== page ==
Twitter is without question the place for politicians, journalists and famous people to sound off on any and every trending topic. But is it the place for everyone else? You know—us regular people.
Some say “no.”
Despite new agreements to live stream political conventions, NFL games and NBA games Twitter has seen sluggish growth compared to rivals Facebook, Instagram and Snapchat.
The decade-old social medium showed it could be nimble with its launch of “Periscope” to compete with newcomer “Meerkat.” But social media giant Facebook played a bigger hand with its “Facebook Live” feature, which brought us Chewbacca Mom.
And even with Twitter’s announcement this week that it will finally offer verification to anyone who wants it, some say all that may be too little too late.
Richard Laermer is an author, futurist, trendspotter and the CEO of New York-based RLM Public Relations. He says Twitter’s days as a social media titan are numbered.
“Sadly, Twitter has done nothing to remain relevant– and to think it had such promise,” Laermer said.
“The reason is that no one really pays attention to tweets unless they’re told to. That is not how social media works.”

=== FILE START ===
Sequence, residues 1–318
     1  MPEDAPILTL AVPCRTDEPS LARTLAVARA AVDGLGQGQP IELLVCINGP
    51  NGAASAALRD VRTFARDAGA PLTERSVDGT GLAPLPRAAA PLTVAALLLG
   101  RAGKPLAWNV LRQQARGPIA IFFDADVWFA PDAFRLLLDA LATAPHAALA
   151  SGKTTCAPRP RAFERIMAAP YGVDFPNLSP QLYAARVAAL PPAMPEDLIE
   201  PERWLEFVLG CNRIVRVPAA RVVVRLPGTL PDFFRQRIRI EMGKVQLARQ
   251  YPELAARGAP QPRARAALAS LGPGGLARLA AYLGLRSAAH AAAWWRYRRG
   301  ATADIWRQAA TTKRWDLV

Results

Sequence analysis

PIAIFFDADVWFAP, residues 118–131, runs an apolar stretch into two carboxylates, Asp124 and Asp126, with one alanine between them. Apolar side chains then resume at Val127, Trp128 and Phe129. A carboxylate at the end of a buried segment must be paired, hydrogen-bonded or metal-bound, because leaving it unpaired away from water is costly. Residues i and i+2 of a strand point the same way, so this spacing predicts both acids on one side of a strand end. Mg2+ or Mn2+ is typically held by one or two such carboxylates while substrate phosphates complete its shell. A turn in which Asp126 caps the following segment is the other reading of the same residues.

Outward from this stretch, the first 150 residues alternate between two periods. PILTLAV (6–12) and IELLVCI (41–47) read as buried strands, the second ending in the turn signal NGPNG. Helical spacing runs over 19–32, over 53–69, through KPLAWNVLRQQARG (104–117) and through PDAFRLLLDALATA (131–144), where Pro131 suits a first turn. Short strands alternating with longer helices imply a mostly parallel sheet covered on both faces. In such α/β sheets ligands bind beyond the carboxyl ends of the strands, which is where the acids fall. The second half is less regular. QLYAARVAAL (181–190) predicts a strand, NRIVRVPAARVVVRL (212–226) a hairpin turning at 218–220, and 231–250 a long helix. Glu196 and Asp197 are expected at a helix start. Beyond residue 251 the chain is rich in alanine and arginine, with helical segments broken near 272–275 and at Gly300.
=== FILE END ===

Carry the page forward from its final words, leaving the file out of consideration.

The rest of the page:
Amir Watynski, president of Watt Media Inc, a marketing company in Florida, goes a step further. He thinks that for most Americans, Twitter has already gone the way of Myspace.
“Who are Twitter’s regular users? Celebrities, news organizations, huge corporations and name brands, sure. But the average American doesn’t use it, and it hasn’t garnered the loyalty, time spent and frequent visits as Facebook has achieved,” Watynski told Eye Opener.
“When business clients ask us to manage their social media, I am at a loss at what benefit Twitter will have for them.
“Facebook is part of our lives,” Watynski continued. “The same cannot be said of Twitter.”
Garrett Bonistalli disagrees. Bonistalli is the co-founder of Localturf, a small business website builder and digital marketing services provider. He says Twitter isn’t going anywhere any time soon.
“Twitter is one of the leading social media channels for gathering news,” Bonistalli said. “Arguably, information flies from one side of the world to the other the fastest through Twitter.”
He points out Twitter’s new “moments” feature allows users to quickly view top headlines of the day in just a couple of swipes.
Bonistalli adds that he notices a symbiotic relationship between Twitter and Google.
“Twitter results will appear in Google searches for newsworthy topics. So in my mind, as long as people are searching for their news on Google, Twitter will have a place at the table.”
At the end of the day Twitter needs three things to successfully continue: growth in active users, increased ad sales and more investors getting on board.
With analysts predicting 20% growth for all of 2016 and 2017, and some questioning how long CEO Jack Dorsey can continue to run Twitter while also managing his credit card processing startup “Square,” we’ll just have to wait and see.
Meanwhile, we’ll still keep checking to see the next thing Donald Trump tweets; and then wait for Hillary Clinton’s snarky response.